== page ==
Education: Heritage Discovery Center

Johnstown Area Heritage Association
Primary Source: Photo Gallery

Historic Cambria City Walking Tour Guide

Cambria City National Historic District

Page 2 of 6

These photographs, which were taken in modern Cambria City (from 2004-2006), contain many clues that reveal how its earlier immigrant residents lived. As you walk through the streets or browse through the photos, look for ways ethnic groups banded together to make a life in their new home: traditions, events, organizations, or places to help new immigrants feel like they belonged. Then look for clues to how today's residents keep their heritage alive -- and how they've moved on.

Click on the images below to view a larger image. To help you see as much as possible from these photographs, use the tool "Reading a Photograph."

Map of Cambria City

10. Mayer Building (1908)

410 Eighth Avenue.

This red brick building was originally constructed in 1908 as a slaughter house and sausage factory to supply two meat markets along Broad Street owned by August Mayer.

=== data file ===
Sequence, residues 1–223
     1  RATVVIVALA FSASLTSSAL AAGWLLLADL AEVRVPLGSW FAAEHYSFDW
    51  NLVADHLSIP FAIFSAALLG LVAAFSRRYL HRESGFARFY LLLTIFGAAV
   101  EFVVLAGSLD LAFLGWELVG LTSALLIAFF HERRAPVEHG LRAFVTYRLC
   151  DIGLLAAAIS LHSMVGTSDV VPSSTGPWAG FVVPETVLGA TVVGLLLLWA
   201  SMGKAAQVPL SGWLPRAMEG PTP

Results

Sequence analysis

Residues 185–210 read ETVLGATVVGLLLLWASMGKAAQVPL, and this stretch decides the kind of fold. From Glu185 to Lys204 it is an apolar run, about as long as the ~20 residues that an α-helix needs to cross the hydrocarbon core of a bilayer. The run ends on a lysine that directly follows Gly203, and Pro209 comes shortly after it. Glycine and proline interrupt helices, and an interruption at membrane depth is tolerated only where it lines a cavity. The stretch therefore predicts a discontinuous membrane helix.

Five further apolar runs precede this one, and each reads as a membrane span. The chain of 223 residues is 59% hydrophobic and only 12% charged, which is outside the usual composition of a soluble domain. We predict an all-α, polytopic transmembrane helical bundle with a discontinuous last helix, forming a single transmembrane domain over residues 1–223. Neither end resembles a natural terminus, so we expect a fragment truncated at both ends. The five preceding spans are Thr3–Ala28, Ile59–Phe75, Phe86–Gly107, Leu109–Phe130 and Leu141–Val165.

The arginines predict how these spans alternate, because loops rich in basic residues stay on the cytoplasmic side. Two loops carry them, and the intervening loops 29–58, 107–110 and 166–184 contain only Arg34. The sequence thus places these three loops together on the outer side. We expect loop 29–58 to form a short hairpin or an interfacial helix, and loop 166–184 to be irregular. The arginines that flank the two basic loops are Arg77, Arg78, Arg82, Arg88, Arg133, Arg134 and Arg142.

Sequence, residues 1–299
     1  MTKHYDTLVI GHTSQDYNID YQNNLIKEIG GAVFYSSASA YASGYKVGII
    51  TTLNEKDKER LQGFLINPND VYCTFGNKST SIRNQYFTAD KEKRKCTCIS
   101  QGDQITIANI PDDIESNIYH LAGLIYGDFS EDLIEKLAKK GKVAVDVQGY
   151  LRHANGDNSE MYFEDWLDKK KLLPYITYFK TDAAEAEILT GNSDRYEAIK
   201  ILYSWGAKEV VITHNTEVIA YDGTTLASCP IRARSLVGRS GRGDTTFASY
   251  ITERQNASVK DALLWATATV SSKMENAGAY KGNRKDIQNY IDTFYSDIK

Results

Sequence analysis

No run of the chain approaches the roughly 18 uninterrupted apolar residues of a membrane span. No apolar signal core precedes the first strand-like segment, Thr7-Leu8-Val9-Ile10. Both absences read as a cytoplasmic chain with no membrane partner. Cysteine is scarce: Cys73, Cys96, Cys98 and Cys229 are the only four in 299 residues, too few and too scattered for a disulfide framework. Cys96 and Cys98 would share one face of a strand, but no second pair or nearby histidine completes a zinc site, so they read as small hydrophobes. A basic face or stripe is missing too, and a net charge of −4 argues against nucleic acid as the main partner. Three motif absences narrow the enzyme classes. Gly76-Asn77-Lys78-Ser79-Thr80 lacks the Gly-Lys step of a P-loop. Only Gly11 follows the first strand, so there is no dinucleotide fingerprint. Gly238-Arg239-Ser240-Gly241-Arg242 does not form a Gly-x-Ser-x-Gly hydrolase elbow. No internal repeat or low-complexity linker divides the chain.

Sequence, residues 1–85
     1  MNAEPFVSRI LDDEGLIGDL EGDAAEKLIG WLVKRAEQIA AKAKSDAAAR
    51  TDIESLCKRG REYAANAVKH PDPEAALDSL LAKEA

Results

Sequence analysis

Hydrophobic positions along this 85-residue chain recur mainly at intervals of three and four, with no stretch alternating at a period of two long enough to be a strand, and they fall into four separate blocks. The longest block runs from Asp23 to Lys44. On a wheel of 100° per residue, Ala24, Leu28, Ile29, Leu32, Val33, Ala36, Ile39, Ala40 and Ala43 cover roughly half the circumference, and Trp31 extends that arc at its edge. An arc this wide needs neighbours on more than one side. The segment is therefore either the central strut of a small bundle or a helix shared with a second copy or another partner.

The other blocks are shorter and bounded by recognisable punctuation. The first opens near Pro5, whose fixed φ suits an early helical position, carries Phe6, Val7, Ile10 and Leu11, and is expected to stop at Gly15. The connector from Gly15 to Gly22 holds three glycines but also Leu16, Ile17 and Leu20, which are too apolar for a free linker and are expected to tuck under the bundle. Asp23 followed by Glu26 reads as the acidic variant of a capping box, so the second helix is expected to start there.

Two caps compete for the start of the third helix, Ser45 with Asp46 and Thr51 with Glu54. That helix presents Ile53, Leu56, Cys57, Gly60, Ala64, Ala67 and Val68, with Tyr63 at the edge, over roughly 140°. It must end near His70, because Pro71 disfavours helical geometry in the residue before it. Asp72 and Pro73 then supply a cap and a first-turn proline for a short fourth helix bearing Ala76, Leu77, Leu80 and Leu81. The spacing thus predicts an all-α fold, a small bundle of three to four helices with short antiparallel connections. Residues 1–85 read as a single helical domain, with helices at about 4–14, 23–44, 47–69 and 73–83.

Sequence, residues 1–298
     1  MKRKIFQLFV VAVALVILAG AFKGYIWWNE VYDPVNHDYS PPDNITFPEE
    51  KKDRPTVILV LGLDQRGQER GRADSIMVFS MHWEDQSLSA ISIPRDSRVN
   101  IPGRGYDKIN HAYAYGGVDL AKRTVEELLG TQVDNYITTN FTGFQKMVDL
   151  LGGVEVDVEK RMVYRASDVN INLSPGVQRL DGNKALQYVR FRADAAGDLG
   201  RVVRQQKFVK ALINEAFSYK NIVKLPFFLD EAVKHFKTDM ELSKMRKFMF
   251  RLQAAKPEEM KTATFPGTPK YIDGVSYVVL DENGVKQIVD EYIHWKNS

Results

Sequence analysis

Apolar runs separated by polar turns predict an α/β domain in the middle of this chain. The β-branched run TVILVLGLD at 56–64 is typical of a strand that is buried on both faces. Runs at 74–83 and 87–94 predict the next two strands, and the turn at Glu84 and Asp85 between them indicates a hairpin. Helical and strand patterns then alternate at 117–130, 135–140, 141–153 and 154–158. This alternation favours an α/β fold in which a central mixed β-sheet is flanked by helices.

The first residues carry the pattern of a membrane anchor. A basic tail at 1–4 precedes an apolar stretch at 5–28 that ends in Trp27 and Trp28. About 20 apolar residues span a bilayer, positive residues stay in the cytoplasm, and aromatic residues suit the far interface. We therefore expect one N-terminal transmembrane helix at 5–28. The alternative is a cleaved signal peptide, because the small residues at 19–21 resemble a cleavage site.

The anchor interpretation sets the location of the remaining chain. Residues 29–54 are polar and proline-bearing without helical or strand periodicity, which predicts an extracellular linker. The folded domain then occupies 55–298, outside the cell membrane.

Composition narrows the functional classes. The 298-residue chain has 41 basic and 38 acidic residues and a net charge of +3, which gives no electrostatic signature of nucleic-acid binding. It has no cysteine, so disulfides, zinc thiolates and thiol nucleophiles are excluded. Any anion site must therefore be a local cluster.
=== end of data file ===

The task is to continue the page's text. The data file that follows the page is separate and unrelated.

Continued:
11. Holy Cross Evangelical Lutheran Church (1932)

711 Chestnut Street.

The Holy Cross congregation was formed in 1914 as part of the Slovak Synod. Originally it held services and formed a school in a remodeled house at 711 Chestnut, building the current church in 1932. The bell in the tower is from the original church. Services were conducted entirely in Slovak until 1938 when both Slovak and English services were offered. The church was constructed entirely by members of the congregation and in simple gothic style.

12. Cambria Fire Hook and Ladder Co (1891)

624 Broad Street.

Cambria City’s first fire company was organized in 1887 by German residents, who built this building sometime after 1891.

Corner of 5th Avenue and Chestnut Street

St. Casimir’s School is on the left with a school bus parked in front. The brown house on corner is 424 Chestnut Street. On the right is the view looking down Chestnut Street towards Johnstown from corner of 5th Avenue. St. Stephen’s Church is in the background on the right.

Roth House (circa 1889)

Corner of Sixth Avenue and Chestnut Street.

Light grey-blue attached house. Jon Casper and Elizabeth Roth immigrated to the United States from Germany in 1964 and he worked for the Cambria Iron Company. In 1871 they purchased this property, but it is unclear if the present structure dates back to the 1870s or the post-Flood era. In 1895, a second structure was added, making it effectively a double-house. The addition served as rental property to families of Cambria Iron workers through the turn of the century.


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